Ph.D. Physics Applications 101 (Canada and Germany)

Here is a brainstormed document of some main things to remember when applying for a Physics Ph.D. program.

I applied mainly to Canadian and German institutions (with a few exceptions). I was looking for more HEP-th positions, particularly in Astroparticle Theory or somewhere on the overlap of formal theory and particle physics. I was also open-minded to adjacent fields. Most of the information I am putting here is from my personal experience during the application period.

  • The market seems heavily saturated since COVID hit. Many people have delayed graduation for various reasons - to attend conferences, to finish another experiment, to finish some collaboration, etc. The market seems to be slowly opening up now, and I think for 2023 applications, it should be much better than it was for this round.
    • Why is this relevant? For many places, especially in theory, Professors generally tend to have a finite number of graduate students.
  • A straight-up fact: Some fields have more positions available than others. Experimental positions in any field tend to have more openings than their counterpart (It does make sense, to be honest, you need more people in a lab to do multiple tasks). Mainly, condensed matter seems to be doing very well and has many positions available. Astrophysics seems to have reasonably open positions from what I saw (I was surprised to see quite a few openings during my search).
    • The point is, if you are looking for something particular position or a position in a field where openings are rare, your search will be much more exhausting than colleagues. As an example of my search, I had approximately a dozen professors I was very excited to apply to in Canada (I feel I was very, very lucky that I got one of my top 3 choices - I mean it, luck does play a very significant role)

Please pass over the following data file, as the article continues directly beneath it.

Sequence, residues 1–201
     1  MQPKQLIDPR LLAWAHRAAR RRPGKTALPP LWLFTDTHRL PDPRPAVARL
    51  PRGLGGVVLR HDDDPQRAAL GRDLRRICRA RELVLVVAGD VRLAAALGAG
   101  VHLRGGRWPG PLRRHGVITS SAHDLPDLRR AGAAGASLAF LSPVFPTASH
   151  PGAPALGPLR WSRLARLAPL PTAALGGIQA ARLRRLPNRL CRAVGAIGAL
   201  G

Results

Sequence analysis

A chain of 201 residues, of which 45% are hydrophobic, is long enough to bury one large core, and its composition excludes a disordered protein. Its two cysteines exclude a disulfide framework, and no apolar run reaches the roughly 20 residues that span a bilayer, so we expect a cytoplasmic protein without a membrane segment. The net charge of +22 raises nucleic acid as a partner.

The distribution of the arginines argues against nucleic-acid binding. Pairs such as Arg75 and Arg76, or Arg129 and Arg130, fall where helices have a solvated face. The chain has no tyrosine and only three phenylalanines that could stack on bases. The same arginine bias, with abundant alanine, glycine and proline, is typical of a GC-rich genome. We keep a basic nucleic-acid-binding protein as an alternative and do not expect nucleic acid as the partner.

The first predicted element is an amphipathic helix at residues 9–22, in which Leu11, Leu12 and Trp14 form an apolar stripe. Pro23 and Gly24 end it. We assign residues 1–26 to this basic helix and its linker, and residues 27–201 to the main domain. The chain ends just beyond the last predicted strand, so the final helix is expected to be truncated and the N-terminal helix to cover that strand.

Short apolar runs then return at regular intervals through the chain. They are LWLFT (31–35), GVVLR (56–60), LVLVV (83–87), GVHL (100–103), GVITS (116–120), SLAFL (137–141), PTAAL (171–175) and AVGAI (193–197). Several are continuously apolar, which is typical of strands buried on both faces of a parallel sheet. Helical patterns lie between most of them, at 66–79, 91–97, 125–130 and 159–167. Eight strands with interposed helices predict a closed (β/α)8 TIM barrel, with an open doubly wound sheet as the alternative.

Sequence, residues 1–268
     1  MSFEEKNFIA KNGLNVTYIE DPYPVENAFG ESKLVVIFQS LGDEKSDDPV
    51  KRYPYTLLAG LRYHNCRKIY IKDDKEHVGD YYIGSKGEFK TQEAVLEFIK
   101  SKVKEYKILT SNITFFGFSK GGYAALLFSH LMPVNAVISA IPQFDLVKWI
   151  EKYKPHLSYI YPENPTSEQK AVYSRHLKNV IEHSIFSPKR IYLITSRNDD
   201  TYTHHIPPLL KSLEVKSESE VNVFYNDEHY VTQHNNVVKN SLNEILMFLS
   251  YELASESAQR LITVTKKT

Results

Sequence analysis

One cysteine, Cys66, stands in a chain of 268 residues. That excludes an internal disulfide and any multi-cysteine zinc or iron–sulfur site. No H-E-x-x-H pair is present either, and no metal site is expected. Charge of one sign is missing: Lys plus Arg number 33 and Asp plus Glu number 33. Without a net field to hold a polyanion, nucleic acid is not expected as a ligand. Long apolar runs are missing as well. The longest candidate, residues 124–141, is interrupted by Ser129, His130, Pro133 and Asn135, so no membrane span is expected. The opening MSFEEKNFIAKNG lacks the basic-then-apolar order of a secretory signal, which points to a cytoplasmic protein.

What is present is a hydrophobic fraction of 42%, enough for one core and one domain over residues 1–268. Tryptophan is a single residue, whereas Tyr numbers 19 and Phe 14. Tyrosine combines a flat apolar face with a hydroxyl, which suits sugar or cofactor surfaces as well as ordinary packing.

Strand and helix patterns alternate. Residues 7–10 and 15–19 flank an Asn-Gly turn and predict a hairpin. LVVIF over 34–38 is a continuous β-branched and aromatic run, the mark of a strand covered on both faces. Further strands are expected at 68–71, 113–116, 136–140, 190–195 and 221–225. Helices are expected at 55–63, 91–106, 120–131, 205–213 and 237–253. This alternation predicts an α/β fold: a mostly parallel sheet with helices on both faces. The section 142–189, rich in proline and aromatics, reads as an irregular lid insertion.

But, where do I look for open positions?

  • inspire-hep - Even though it is inspire"HEP,” you can find job offers for literally most of the fields
  • hyperspace - Particularly for Relativity and Gravitation

There are a few more portals for other parts of Physics (that I didn’t apply to, I’ll update them as I see them)

That’s it?

Absolutely not. A lot of Ph.D. positions are not advertised very well.

Ph.D. programs in Canada

Most well-known Canadian Universities have a Ph.D. program that requires a Masters before. There are two types of Ph.D. students accepted in Canada.

  1. Students who have already secured a Ph.D. advisor: Some departments in Canada require that you already have secured a Ph.D. advisor, and without that, you cannot enter the Ph.D. program, no matter how good of a profile you have.
    • McGill, Queens, UVic, Carleton (I am 100% sure you need an advisor telling you to apply to these), McMaster, Manitoba, UOttawa, Guelph, (I am pretty confident you need a Ph.D. advisor ready to take you on before you apply, so double check please)
  2. Students who have not secured a Ph.D. advisor: There are other places where I am almost sure that there exists a possibility that you could get in without having secured a supervisor. I repeat, there exists a possibility does not mean you should apply without securing a supervisor. It just means that a possibility exists. Your best bet is to contact professors in advance and try to secure an advisor.
    • UofT, Waterloo, Alberta (I am pretty sure about the possibility of one getting accepted without having secured a Ph.D. advisor, still double check, please)

Note : “What about the scenario that the Ph.D. advisor is interested in me but has not promised me a Ph.D. position? He has told me to apply.” In this scenario, use your judgment. I would apply in most of these scenarios as I am sure my application would receive their attention. I also know that applying to Ph.D. programs in Canada costs a good amount of money and can be financially straining. In case of no financial strain, I highly encourage you to apply.

Ph.D. programs in Germany

In Germany, too, you need an M.Sc. Physics before you can apply for a Ph.D. program. Germany has two types of Ph.D. programs :

  1. Individual: As the names suggest, the individual Ph.D. program is when you approach a professor of your liking and join his group from his funding. There is no formal “application portal” using which you apply for such positions. So, how do I find prospective supervisors?
    1. Google: Universities in Germany
    2. Google: Physics faculty “insert university.”
    3. Find the group/s you are interested
    4. Shortlist the professors you like
    5. Look what they are currently doing in terms of research, open their arXiv or inspire-hep
    6. Prepare all the necessary documents to contact them (CV and transcripts mainly) - In the next section, I have provided a skeleton on contacting prospective supervisors. Feel free to pick up things from there.